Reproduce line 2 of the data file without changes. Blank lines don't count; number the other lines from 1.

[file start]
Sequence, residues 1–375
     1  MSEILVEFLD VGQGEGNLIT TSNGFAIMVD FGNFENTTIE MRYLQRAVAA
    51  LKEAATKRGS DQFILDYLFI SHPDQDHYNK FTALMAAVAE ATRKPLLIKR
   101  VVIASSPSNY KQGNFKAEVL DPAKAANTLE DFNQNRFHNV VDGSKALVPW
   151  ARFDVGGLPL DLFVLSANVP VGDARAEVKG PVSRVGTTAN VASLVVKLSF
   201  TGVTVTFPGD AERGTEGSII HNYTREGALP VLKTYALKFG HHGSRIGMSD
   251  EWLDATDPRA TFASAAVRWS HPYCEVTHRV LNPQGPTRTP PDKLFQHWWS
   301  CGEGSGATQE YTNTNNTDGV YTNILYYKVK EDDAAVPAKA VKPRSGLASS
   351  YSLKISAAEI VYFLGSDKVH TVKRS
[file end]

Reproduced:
     1  MSEILVEFLD VGQGEGNLIT TSNGFAIMVD FGNFENTTIE MRYLQRAVAA